TYPES OF INSULATION
Although insulation can be made from a variety of materials, it usually comes in four types—batts, rolls, loose-fill, and rigid foam boards. Each type is made to fit in a different part of your house. Batts are made to fit between the studs in your walls or between the joists of your ceilings or floors. Batts are usually made of fiber glass or rock wool. Fiber glass is manufactured from sand and recycled glass, and rock wool is made from basaltic rock and recycled material from steel mill wastes. Rolls or blankets are also usually made of fiber glass and can be laid over the floor in the attic. Loose-fill insulation, usually made of fiber glass, rock wool or cellulose, is blown into the attic or walls. Cellulose is usually made from recycled newsprint treated with fire-retardant chemicals.
Rigid foam boards are made of polyisocyanurate, extruded polystyrene (XPS or blueboard), expanded polystyrene (EPS or beadboard), or other materials. These boards are lightweight, provide structural support, and generally have an R-value of 4 to 7 per inch. Rigid board insulation is made to be used in confined spaces such as exterior walls, basements, foundation and stem walls, concrete slabs, and cathedral ceilings.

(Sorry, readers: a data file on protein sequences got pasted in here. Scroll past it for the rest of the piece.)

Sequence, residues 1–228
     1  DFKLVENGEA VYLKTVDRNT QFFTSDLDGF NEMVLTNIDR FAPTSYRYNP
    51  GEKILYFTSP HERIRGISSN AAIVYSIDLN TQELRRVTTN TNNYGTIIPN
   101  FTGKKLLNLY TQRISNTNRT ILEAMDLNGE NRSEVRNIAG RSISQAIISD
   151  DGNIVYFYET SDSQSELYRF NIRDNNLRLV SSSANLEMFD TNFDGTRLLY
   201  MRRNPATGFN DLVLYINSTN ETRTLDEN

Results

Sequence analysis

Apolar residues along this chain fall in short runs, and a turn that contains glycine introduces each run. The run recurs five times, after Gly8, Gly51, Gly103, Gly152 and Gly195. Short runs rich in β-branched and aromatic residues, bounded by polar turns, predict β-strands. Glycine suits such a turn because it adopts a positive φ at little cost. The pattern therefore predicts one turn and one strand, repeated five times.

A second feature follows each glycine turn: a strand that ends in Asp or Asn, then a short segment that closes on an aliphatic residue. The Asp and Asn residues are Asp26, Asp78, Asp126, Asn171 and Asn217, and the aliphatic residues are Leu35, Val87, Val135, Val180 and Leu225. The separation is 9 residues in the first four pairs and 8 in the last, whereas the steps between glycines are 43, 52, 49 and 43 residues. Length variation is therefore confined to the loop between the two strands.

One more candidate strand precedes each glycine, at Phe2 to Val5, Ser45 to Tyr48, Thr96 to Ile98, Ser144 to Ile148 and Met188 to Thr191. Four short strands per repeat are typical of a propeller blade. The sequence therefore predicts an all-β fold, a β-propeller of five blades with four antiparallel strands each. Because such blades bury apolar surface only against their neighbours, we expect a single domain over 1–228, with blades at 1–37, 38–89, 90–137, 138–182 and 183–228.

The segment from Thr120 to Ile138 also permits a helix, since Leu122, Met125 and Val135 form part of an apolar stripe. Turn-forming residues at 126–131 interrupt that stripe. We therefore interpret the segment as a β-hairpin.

The easiest and most cost-effective way to insulate your home is to add insulation in the attic. To find out if you have enough attic insulation, measure the thickness of insulation. If there is less than R-22 (7 inches of fiber glass or rock wool or 6 inches of cellulose) you could probably benefit by adding more. Most U.S. homes should have between R-22 and R-49 insulation in the attic. In Maryland, which is US DOE Zone 2, the recommended attic insulation value is R-49.
If you need to get the old Insulation out of your attic we can Vacuum and disinfect as well.
If your attic has ample insulation and your home still feels drafty and cold in the winter or too warm in the summer, chances are you need to add insulation to the exterior walls as well. This is a more expensive measure that usually requires a contractor, but it may be worth the cost if you live in a very hot or cold climate.
You may also need to add insulation to your crawl space. Either the walls or the floor above the crawl space should be insulated.